So I promised a crafting post a dammit I keep my promises (well most of the time I have broken promises in the past but I assure you they were probably broken for a good reason and not because I can be a lazy cow!)
I dyed up some roving for the etsy two weeks ago but I just got around to taking pics. These are interesting because they are both from the same dye bath, dyed at the same time but the color results are very very different due to the nature of the wools in question.
Roving number 1 is a superwash merino. Superwash is well known for its dye sucking abilities, most people recommend letting your protein fiber soak in a bit of acid before dyeing so it takes the color better but I don't recommend doing this with superwash. There is something that happens to the wool during the process that makes it superwash that causes it to suck up dye like an alcoholic at happy hour. I soak my superwash in water only before the dye bath to avoid splotchy dye spots and uneven tones. This particular roving started out a hideous shade of yellow and was begging for some color to make it a bit less puke worthy. Here's the final result
I'm going to call it "Swamp Thing"
The second roving is 2oz of cormo that appears to have been pin drafted. I know a lot of people have issues with cormo, but it is super lovely to work with and so springy and smooshy, I would sleep though the night in a bed made of cormo. Cormo's trick is to not over process it, its elasticity makes it difficult to card but if you tease the locks open and comb it looks/feels wonderful. If you want to card cormo I reccomend teasing open the locks and spritzing them with a bit of water and fabric softener to beat them into submission and prevent the static from making you crazy. Here's the roving I'm calling it "Think Pink"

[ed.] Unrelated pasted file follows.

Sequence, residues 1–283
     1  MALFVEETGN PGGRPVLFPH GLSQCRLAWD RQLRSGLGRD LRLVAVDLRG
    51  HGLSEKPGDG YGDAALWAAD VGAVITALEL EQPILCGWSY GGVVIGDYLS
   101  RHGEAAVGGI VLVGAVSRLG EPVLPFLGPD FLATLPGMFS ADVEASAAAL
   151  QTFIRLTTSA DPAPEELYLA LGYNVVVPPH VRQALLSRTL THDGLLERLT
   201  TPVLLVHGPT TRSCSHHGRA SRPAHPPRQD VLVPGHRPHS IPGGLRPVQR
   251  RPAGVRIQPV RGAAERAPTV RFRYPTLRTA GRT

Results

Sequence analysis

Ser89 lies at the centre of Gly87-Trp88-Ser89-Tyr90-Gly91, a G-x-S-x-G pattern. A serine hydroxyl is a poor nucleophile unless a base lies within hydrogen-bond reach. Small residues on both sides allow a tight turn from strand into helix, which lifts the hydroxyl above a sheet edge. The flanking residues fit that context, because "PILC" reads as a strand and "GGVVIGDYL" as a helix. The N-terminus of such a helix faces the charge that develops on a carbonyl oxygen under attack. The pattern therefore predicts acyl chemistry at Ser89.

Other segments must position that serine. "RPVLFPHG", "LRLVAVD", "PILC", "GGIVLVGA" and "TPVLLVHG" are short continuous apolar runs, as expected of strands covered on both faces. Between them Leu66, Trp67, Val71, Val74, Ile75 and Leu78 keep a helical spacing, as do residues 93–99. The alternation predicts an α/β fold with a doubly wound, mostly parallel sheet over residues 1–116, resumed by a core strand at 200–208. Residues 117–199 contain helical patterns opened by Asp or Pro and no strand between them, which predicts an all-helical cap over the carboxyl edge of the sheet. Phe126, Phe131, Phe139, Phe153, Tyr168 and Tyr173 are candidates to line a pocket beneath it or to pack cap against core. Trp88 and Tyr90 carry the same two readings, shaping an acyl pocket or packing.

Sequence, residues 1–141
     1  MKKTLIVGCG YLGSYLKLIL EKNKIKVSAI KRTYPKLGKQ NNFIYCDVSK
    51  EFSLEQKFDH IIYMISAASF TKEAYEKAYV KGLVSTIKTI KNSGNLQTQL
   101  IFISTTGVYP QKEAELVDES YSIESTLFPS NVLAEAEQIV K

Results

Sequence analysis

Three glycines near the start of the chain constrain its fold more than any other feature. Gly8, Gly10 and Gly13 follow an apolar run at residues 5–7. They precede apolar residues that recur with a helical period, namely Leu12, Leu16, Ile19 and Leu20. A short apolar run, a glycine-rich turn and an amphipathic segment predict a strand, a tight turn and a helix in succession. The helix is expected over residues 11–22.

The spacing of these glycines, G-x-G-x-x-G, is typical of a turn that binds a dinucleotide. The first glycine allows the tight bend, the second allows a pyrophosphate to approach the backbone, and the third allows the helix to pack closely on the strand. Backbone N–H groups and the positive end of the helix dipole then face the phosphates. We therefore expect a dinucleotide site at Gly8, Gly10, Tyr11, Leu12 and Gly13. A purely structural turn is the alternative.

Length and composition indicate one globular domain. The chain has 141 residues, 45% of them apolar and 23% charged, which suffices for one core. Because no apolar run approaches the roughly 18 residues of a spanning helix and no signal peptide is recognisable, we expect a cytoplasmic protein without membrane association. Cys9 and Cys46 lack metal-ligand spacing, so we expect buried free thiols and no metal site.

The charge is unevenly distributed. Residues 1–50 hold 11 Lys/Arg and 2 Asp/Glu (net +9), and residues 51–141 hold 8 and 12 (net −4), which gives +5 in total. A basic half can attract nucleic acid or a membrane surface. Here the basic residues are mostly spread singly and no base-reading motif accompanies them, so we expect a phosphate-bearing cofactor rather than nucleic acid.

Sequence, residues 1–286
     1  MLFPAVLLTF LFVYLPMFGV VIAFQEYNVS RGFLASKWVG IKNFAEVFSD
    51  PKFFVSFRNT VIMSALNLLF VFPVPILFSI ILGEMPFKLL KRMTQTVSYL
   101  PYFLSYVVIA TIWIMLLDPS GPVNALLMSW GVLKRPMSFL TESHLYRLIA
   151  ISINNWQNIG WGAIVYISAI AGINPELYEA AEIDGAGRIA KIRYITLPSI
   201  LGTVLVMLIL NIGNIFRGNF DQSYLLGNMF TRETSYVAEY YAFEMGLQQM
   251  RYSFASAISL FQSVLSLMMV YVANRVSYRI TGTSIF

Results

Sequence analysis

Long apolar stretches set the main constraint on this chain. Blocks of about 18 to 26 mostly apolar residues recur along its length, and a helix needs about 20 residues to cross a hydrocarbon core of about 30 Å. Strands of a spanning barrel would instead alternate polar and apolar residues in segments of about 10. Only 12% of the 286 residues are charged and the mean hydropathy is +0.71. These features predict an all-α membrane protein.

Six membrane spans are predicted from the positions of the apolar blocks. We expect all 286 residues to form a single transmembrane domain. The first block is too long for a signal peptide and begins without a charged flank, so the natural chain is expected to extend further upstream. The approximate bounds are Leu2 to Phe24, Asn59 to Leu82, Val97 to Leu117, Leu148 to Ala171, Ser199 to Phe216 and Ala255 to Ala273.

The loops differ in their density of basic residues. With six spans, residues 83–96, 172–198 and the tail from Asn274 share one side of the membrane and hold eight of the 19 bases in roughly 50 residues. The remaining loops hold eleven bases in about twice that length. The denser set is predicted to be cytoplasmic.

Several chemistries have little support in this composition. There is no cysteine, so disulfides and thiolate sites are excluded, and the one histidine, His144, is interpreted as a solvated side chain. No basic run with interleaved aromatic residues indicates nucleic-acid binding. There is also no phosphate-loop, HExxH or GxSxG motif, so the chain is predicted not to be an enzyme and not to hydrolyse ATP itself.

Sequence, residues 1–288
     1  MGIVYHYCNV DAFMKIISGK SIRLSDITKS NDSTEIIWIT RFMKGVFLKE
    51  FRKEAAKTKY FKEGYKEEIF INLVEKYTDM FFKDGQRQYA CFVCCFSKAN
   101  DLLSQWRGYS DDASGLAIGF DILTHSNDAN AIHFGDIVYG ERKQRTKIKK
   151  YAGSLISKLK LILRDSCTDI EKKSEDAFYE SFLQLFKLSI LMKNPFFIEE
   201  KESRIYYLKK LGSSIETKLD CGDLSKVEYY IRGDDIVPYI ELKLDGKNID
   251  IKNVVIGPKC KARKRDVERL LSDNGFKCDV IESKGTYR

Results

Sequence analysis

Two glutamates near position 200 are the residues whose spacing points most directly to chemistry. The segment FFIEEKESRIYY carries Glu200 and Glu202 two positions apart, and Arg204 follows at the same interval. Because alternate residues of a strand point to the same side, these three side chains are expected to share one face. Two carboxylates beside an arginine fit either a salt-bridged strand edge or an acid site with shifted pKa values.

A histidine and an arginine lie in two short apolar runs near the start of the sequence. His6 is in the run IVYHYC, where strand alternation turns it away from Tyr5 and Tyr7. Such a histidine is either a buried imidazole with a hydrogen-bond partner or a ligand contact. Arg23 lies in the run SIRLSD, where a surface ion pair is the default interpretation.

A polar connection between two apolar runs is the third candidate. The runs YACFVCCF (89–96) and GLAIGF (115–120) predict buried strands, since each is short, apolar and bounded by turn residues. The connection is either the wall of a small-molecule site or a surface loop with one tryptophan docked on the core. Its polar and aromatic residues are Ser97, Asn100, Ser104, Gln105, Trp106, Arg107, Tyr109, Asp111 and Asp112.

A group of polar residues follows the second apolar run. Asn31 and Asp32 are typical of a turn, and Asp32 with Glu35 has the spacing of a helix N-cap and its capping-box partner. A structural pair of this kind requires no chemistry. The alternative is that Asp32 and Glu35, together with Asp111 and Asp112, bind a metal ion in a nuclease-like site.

Now I know you're probably thinking, these two rovings could NEVER have come from the same dye bath. Well you're wrong, let me explain what happened here. First the dye bath was made from black Wiltons food dye. The black food dye breaks very easily because of all the colors used to make it appear black. I like using the black food dye exactly for this purpose, it gives a tie-dye effect to the finished product. Second, one must remember that superwash absorbs dye much better then cormo so the superwash roving took most of the color. Thirdly red and pink must reach a higher temperature before they will penetrate a fiber so as a result all the pinks were left in the dye bath for the cormo to absorb. And thus we have two very different colorways created from the same dye pot.
130 yards Merino/Angora/ Angelina 55/40/5
Spun from batts I carded using the long draw method. I fulled the final yarn to create a fuzzy, soft, and strong yarn. I find that angora tends to want to break when I knit with it and fulling helps it hold its structure.
I also have an FO to share but I'll save that for next week!